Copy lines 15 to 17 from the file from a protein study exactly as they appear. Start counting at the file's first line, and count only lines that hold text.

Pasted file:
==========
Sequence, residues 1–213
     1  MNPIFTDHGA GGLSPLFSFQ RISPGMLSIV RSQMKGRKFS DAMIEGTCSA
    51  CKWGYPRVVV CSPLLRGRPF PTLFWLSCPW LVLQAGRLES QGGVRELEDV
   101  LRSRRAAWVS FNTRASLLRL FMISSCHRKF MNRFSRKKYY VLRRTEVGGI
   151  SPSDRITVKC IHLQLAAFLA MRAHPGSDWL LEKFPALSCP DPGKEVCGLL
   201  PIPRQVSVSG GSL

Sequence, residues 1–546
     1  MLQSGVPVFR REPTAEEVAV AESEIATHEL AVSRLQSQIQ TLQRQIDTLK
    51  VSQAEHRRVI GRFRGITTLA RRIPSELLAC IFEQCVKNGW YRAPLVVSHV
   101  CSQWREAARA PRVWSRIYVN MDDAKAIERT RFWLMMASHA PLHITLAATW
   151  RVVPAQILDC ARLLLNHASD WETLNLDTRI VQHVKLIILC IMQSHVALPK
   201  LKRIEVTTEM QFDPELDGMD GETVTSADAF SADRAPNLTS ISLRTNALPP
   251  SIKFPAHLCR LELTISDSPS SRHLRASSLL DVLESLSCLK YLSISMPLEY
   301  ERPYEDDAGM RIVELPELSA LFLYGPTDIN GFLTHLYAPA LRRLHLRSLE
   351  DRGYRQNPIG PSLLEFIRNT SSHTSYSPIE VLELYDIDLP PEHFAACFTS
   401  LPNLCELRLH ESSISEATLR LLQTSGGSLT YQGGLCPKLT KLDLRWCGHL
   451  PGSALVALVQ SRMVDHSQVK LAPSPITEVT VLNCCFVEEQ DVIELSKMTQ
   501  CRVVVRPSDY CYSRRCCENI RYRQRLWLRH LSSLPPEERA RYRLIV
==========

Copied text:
   351  DRGYRQNPIG PSLLEFIRNT SSHTSYSPIE VLELYDIDLP PEHFAACFTS
   401  LPNLCELRLH ESSISEATLR LLQTSGGSLT YQGGLCPKLT KLDLRWCGHL
   451  PGSALVALVQ SRMVDHSQVK LAPSPITEVT VLNCCFVEEQ DVIELSKMTQ